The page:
She sees faces in the rocks and small stones she finds in the yard, faces staring back at her, smiling or reproachful, young or old. She hands them to me and sometimes I can see them, too. The ones I can see I give names to, first and last, and hand them back to her to see if I got them right. I almost always get them right, or she says, “No, she looks more like a Pearl or a Maude to me.” Then she’d put the smallest ones in her pocket, set the larger ones aside and, later, we’d carry them up to the steps, give them a nice shower from the garden hose, let them bask awhile in the sun before bringing them inside to our box of face rocks.
Sometimes I wonder what became of them after I left. I wonder if she tossed them back into the yard and garden before she moved to the mountains, or gave them away to the kids in the neighborhood, or if she just included the box one day with the other trash, dragged to the curb.
In my office today I have a large water cooler bottle filled with corks. None of them have names, though. I have a tea canister filled with Chinese fortunes, a small galvanized pail overflowing with red plastic coffee scoops, a display case for my hundreds of tin boxes, half a dozen terracotta balls, a sizeable collection of rusty railroad spikes, and about half a million books.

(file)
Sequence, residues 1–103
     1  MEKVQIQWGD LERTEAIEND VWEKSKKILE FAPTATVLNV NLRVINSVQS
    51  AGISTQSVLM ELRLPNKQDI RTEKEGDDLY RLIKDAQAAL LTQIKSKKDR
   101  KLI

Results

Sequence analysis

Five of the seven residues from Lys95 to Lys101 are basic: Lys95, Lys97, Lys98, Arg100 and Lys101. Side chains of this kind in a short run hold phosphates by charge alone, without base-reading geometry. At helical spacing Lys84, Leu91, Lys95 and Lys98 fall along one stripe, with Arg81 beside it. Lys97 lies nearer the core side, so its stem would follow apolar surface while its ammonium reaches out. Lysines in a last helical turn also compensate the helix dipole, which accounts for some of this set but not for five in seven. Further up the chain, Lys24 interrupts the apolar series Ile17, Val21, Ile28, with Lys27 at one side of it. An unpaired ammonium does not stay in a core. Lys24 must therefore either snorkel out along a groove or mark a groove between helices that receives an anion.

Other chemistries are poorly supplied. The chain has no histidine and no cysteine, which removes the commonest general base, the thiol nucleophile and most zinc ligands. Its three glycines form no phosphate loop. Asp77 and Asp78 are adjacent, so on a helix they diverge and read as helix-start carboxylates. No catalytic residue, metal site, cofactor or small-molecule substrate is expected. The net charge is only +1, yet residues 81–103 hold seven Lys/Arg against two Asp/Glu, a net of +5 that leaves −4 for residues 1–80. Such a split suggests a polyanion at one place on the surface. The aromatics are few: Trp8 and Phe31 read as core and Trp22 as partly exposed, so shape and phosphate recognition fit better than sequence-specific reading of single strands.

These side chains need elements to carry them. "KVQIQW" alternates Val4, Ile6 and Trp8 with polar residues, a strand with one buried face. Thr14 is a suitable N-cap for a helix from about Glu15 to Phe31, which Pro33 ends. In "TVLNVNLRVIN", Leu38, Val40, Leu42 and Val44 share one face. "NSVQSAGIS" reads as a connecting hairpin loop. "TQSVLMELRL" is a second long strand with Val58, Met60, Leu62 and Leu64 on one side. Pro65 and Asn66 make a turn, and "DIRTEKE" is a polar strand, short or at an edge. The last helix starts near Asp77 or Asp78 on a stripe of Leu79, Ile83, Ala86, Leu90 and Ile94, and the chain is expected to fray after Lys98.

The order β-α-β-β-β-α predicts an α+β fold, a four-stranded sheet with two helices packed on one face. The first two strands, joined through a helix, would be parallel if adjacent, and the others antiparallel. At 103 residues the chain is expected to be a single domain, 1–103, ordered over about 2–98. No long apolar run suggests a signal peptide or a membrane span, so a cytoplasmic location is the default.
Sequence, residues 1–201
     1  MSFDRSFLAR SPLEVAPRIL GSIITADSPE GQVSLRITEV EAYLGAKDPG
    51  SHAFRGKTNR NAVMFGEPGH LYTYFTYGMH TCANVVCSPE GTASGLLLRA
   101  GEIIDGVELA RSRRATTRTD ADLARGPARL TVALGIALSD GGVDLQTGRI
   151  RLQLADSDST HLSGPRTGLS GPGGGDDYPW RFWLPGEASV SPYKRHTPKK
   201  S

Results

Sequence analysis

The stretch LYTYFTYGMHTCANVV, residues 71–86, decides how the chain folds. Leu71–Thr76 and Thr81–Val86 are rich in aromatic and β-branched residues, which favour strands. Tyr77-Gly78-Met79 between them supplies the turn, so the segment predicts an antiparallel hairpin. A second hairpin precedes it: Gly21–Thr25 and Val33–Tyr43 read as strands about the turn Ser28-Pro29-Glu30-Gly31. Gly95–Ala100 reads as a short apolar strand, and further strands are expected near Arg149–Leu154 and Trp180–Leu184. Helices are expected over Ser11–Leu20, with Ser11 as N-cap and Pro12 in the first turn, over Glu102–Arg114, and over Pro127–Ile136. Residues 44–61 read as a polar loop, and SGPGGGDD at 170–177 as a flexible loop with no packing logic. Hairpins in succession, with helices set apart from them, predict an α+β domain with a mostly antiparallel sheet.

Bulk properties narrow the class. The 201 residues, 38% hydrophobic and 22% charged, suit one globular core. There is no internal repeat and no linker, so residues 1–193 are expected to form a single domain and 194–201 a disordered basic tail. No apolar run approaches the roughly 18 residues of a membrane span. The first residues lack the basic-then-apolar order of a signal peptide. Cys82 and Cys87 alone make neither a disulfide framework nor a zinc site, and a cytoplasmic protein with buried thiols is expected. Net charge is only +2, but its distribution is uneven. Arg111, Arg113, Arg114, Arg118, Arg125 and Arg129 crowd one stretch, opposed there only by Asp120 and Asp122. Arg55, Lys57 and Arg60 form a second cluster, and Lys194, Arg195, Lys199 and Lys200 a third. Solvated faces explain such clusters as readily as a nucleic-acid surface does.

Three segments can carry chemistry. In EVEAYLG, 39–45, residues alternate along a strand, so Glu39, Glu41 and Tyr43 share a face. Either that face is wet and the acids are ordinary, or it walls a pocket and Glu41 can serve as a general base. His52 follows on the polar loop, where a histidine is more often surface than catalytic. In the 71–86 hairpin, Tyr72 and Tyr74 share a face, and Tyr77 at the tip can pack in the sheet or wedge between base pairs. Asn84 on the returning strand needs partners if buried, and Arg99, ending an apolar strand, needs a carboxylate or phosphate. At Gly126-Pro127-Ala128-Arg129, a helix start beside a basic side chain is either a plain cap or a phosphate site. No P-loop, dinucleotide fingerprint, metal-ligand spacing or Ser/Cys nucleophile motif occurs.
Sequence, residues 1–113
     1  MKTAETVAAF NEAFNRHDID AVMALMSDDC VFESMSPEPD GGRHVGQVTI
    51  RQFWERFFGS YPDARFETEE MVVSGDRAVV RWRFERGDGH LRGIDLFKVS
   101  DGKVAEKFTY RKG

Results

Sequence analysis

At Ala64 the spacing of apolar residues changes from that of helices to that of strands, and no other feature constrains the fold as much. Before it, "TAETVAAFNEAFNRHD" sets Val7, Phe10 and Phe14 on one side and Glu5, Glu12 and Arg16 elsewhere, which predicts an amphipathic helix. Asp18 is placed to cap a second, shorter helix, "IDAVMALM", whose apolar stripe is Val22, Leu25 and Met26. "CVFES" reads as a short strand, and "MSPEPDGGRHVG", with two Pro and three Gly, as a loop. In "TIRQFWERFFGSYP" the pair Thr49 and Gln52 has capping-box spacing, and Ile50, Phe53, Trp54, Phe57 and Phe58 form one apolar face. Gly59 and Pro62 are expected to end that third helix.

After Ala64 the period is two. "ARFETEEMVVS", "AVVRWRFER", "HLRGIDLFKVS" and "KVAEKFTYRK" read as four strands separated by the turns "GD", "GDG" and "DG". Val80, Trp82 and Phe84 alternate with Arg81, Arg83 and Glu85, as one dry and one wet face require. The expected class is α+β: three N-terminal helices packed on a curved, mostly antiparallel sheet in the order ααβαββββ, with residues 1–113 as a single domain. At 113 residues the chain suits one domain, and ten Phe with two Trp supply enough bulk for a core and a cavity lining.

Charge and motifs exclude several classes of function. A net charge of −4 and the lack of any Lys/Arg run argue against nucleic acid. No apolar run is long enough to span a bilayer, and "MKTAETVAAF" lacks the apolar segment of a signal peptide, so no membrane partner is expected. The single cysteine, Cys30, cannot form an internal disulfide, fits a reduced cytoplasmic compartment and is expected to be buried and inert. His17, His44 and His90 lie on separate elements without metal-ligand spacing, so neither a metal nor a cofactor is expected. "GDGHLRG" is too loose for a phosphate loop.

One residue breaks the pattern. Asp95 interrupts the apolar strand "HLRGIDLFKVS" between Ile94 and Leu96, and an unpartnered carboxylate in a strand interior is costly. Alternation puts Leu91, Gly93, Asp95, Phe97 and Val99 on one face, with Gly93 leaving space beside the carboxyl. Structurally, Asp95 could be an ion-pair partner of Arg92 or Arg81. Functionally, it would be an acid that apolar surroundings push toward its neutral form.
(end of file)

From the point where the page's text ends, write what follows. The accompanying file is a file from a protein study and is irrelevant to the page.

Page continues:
I wish she could be here to see them.
Ron. Lavalette lives on the Canadian border in Vermont’s Northeast Kingdom. His debut chapbook, Fallen Away, from Finishing Line Press, is now available at all standard outlets. His work has appeared extensively in journals, reviews, and anthologies ranging alphabetically from Able Muse and the Anthology of New England Poets through the World Haiku Review and Your One Phone Call. A reasonable sample of his published work can be viewed at EGGS OVER TOKYO: http://eggsovertokyo.blogspot.com
You can also see more of his work in 4.2 and in the very first issue, 1.1